Sun exposure, UV index and sunscreen

Wearing sunscreen should be a basic element of every family health care plan. This preventative measure may spare you serious illness down the line.

Exposure to ultraviolet rays is linked to an increased risk of skin cancer. If not caught early by a dermatological exam, some cancerous cells can spread to other parts of the body with potentially fatal results.

Studies have shown that even getting sunburns as a child can be a factor in developing skin cancer as an adult. UVA rays also age skin cells and damage DNA. The result? Fine lines, pigmentation spots, and wrinkles, all of which make you appear older than you really are.

Certain ingredients in sunscreen absorb UV rays, blocking them from reaching the skin. Apply sunscreen at least thirty minutes before heading outside for maximum results. This gives the active ingredients time to adhere to the skin.

Reapply your protection throughout the day, and always freshen up after you’ve been sweating or swimming. When buying sunscreen, look for a broad-spectrum protection of at least SPF 15 that safeguards against both UVA and UVB rays. However, though an SPF may be high, that doesn’t mean apply less often, the Environmental Working Group warns.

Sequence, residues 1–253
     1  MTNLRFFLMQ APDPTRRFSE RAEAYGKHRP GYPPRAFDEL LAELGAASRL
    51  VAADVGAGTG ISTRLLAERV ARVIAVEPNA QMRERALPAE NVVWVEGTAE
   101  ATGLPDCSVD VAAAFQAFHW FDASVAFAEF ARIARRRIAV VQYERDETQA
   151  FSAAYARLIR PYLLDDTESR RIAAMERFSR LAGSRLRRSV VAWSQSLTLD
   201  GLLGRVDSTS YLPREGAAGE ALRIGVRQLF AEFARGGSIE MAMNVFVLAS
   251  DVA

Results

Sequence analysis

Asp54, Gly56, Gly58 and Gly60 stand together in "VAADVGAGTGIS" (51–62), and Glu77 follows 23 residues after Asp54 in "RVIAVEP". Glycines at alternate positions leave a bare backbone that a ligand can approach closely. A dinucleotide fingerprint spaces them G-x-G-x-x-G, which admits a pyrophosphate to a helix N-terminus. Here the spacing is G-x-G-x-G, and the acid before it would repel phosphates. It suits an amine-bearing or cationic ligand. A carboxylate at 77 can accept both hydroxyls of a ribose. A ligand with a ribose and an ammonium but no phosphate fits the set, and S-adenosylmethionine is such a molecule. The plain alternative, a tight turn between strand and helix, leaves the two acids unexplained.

Sunscreen alone can’t prevent skin cancer and sun-related aging of the skin. Staying in the shade during the strongest sun-exposure times of the day helps. Wearing SPF clothing and hats helps too. Just regular clothing offers a 27 percent reduction in sunburn. And don’t forget to wear your sunglasses, too.

On many weather apps, you can check the UV index for the day in your area. The UV index gives a forecast of the probable risk of overexposure to UV radiation from the sun, which is between 10 a.m. to 4 p.m. The reading is considered high risk when it’s 6 to 7. So make sure that you try to stay out of the direct sun until it’s safe to be exposed to it for long periods of time.

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